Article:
I’m not one of those people who is good at year-end lists. I tend to have other things to do, come the year end — and I also feel overwhelmed by so much mediocre music that I often forget the great stuff.
This year, I decided to break it up a bit and reflect on the great stuff so far. I know I forgot something. I’ll have to make up for it in six months …
No. 10 — TOTO – 35TH ANNIVERSARY TOUR: LIVE IN POLAND (POP/ROCK): How can a band who gives us no new music and some songs which are 35 years old almost make a best of the year so far list? The band is stellar. Nathan East teamed with drummer Simon Phillips (a 23-year member of the band) make a fantastic rhythm section — but more on them later. Joseph William is at the top of his game vocally, and keyboardists David Paich and Steve Porcaro are predictably brilliant. Steve Lukather is the musical glue holding it all together, and playing world-class guitar. Listen to the song “Stop Loving You.” That will put a smile on your face.
No. 9 — AMY LaVERE – RUNAWAY DIARY (POP): Don’t let Amy LaVere’s beauty fool you. A wonderful duet album with John Paul Keith as Motel Mirrors, and numerous other appearances, have already shown the powers and elegance of her voice — not to mention the virtuosity of her acoustic bass playing. The Luther Dickinson-produced Runaway Diary album also shows her strength as a composer.
No. 8 — KIKI EBSEN – THE SCARECROW SESSIONS (JAZZ): More than a jazzy father’s day tribute to her father Buddy Ebsen, The Scarecrow Sessions give Kiki Ebsen a chance to showcase her excellent arranging chops. Who would have guessed that the song “If I Only Had A Brain” could sound so substantial? Part of the album’s success also lies in Ebsen’s classically trained and soulful voice, and her excellent keyboard skills. A compact but powerful core group of players (including John Patitucci, Chuck Loeb and David Mann) fill out the sound nicely.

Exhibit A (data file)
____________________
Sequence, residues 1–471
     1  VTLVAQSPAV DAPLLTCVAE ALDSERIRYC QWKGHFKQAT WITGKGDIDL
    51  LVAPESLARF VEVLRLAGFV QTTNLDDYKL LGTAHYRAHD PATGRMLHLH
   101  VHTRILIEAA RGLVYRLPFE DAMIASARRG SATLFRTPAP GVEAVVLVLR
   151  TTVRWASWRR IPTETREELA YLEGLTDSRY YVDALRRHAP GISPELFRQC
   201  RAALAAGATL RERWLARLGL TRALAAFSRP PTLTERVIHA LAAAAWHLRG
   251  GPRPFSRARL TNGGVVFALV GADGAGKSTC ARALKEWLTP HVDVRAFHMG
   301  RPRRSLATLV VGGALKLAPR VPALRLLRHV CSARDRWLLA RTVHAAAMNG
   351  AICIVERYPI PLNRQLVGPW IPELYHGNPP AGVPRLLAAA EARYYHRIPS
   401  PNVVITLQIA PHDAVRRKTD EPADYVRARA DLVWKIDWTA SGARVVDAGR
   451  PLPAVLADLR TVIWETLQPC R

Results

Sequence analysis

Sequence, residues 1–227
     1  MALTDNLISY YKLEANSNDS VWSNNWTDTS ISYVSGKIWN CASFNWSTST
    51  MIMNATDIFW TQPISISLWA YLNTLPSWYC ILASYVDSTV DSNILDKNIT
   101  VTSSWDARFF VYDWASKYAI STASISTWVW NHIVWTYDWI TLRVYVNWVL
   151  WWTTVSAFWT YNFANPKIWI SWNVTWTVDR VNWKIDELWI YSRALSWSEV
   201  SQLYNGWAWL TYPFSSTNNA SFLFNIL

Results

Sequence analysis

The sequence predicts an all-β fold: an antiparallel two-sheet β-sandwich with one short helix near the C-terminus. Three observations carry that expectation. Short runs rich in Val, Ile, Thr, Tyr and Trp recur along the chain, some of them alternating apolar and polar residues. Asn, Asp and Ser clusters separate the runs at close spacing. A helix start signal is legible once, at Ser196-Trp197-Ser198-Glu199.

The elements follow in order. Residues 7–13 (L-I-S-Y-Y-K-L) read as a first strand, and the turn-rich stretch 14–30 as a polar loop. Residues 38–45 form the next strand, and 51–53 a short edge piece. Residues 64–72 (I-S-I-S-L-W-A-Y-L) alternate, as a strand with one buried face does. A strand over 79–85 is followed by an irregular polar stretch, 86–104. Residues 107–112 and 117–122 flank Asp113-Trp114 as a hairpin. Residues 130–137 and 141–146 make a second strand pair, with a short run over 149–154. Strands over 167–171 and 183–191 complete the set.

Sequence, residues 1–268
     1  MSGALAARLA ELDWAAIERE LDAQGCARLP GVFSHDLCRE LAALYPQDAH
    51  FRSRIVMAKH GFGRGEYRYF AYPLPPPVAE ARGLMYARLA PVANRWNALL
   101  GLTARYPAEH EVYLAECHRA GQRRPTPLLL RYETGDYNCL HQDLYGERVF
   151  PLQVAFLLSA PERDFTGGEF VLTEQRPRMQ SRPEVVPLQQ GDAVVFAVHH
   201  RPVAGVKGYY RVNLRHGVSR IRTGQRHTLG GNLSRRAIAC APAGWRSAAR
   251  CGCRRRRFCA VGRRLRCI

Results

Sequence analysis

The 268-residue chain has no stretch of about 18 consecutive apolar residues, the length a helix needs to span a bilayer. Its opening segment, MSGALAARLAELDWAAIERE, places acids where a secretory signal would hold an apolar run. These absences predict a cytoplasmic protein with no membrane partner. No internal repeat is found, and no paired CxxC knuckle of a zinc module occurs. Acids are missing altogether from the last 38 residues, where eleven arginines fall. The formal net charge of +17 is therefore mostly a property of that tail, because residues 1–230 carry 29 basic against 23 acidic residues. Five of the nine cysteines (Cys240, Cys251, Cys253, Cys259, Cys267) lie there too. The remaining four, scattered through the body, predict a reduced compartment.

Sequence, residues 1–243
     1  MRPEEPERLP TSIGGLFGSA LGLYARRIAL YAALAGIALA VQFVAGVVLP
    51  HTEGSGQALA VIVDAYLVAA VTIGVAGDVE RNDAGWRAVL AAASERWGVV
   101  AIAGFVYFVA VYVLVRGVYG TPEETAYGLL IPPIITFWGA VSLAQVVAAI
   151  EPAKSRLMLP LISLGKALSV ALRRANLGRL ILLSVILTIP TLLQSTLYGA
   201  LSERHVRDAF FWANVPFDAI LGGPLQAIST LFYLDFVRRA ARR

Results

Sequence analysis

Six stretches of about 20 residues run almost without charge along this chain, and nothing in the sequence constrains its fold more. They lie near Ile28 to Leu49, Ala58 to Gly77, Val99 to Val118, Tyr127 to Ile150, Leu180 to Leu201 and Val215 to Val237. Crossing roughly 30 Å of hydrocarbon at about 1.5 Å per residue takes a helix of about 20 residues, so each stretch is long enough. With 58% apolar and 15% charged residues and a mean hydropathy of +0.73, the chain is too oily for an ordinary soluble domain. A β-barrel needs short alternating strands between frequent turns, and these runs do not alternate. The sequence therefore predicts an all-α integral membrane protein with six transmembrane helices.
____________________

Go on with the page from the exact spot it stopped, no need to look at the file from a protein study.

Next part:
No. 7 — OZ NOY – TWISTED BLUES VOL. 2 (JAZZ): This Israeli-born and New York City-based guitarist returns with another electric blend of tasteful electric blues and fiery jazz. Musicians are often known by the company they keep, so it’s telling that Noy’s Twisted Blues Vol. 2 features such luminaries as drummers Keith Carlock and Anton Fig, bassists Roscoe Beck and Will Lee, and guitar buddies Eric Johnson and Warren Haynes, among others. That said, the guests never outshine Noy’s talented writing and dynamic playing. You’ll be amazed, from the first track (“You Dig”) to the last (“Freedom Jazz Dance”). Oh, go out and get Twisted Blues Vol. 1 too!
No. 6 — ANI CORDERO – RECORDAR (ROCK): The leader of the rock en espanol band Cordero delivers a heartfelt and powerful collection of solo songs of love and protest. Recordar harkens back to the days of Mexican protest songs, but encorporates many elements of traditional music from all over Central America and Puerto Rico . Granted the songs are classics from the 1930 to the 1970’s, but Ani Cordero arrangements and vocal approach adds a new found fire and urgency to them all. This album should not be missed.